Image Credit: X-ray: NASA/CXC/Univ. of Michigan/M. Reynolds et al; Infrared: NASA/JPL-Caltech; Radio: CSIRO/ATNF/ATCA
G306.3-0.9 (named after the coordinates of its sky position) is a faint supernova remnant of about 25 light-years across, located some 26,000 light-years from Earth in the southern constellation of Centaurus. The explosion’s shock wave is racing through space at about 2.4 million kilometers (1.5 million miles) per hour.
A supernova occurs when a star explodes in the final phase of its life. The explosion throws a large cloud of dust and hot gas into space surrounding the star. When this slams into the existing interstellar medium, it heats up so much it glows in X-rays. The exploding star can become billions of times as bright as the Sun before gradually fading from view. At its maximum brightness, the exploded star may outshine an entire galaxy.
Astronomers estimate that a supernova explosion occurs once or twice a century in the Milky Way. The expanding blast wave and hot stellar debris slowly dissipate over hundreds of thousands of years, eventually mixing with and becoming indistinguishable from interstellar gas.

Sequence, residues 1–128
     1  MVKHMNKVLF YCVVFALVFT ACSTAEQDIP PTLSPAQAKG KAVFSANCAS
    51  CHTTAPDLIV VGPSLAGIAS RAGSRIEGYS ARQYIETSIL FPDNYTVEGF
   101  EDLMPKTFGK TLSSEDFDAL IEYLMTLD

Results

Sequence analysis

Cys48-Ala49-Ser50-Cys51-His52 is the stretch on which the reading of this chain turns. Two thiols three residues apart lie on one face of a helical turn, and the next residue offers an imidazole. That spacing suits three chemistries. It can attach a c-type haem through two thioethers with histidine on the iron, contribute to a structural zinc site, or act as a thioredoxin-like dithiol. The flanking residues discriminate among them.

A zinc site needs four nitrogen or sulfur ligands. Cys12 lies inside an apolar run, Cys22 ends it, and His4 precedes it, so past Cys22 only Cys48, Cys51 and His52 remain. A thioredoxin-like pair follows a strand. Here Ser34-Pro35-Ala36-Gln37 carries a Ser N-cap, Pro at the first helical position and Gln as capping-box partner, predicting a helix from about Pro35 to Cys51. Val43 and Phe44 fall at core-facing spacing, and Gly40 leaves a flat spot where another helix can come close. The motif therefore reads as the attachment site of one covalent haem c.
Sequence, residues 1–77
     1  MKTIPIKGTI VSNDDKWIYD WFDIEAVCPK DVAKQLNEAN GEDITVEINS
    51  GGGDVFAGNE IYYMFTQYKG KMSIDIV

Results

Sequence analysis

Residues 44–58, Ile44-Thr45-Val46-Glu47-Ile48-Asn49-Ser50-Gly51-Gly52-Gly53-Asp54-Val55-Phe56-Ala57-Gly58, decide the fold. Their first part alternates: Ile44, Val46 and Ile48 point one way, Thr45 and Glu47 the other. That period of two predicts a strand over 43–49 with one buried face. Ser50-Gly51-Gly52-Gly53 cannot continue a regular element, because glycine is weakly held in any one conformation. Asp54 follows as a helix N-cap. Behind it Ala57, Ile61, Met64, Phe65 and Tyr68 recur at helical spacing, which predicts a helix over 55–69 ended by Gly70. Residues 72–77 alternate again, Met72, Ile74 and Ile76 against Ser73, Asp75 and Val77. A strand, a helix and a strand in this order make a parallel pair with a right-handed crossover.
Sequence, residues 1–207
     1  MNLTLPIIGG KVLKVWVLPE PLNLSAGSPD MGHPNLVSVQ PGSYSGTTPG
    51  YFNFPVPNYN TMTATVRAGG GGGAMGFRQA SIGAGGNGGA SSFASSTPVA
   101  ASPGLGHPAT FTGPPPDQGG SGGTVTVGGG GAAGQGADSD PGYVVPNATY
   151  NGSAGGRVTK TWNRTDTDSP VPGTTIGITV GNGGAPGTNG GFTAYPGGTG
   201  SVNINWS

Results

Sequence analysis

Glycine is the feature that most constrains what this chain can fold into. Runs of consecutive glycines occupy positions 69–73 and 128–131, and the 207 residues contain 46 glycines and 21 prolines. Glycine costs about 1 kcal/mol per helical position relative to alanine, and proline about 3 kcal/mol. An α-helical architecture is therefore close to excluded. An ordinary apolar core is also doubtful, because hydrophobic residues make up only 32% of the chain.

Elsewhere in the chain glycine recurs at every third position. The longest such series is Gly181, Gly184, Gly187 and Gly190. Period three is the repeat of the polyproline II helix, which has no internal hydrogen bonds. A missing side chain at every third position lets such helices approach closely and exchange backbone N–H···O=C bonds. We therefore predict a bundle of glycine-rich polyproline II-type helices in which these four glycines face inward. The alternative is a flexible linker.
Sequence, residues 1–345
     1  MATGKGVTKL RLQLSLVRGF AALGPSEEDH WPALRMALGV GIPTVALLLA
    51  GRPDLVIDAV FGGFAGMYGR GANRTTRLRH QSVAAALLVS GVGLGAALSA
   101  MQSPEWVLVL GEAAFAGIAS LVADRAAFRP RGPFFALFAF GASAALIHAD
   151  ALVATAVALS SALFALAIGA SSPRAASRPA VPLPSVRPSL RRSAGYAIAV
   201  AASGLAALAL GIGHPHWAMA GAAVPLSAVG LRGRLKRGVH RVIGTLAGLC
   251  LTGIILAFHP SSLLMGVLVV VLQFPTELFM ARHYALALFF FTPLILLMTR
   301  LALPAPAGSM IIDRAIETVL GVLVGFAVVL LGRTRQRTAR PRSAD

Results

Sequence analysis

G306.3-0.9 was discovered on Feb. 22, 2011, while Swift’s X-ray Telescope was performing an extensive X-ray survey of our galaxy’s central regions as part of the Swift Galactic Plane Survey, a project to image a two-degree-wide strip along the Milky Way’s central plane at X-ray and ultraviolet energies at the same time.
The remnant is likely less than 2,500 years old, what makes it one of the 20 youngest supernova remnants identified in our Galaxy (of the more than 300 cataloged supernova remnants in the Milky Way). But, there isn’t enough information yet to determine what type of supernova G306.3-0.9 was and therefore what type of star exploded.
However, further investigations of the supernova remnant by Chandra have revealed the presence of iron, neon, silicon and sulfur at temperatures of about 30 million degrees Celsius (50 million F). This is a reminder, not only of the energies involved, but of the role supernovae play in seeding the galaxy with heavy elements produced in the hearts of massive stars.
Young supernova remnants give astronomers the best opportunity for understanding the nature of the original star and the details of its demise.
This composite image combines X-rays from Chandra X-ray Observatory (blue), infrared data from Spitzer Space Telescope (red and cyan), and radio data from the Australia Telescope Compact Array (purple).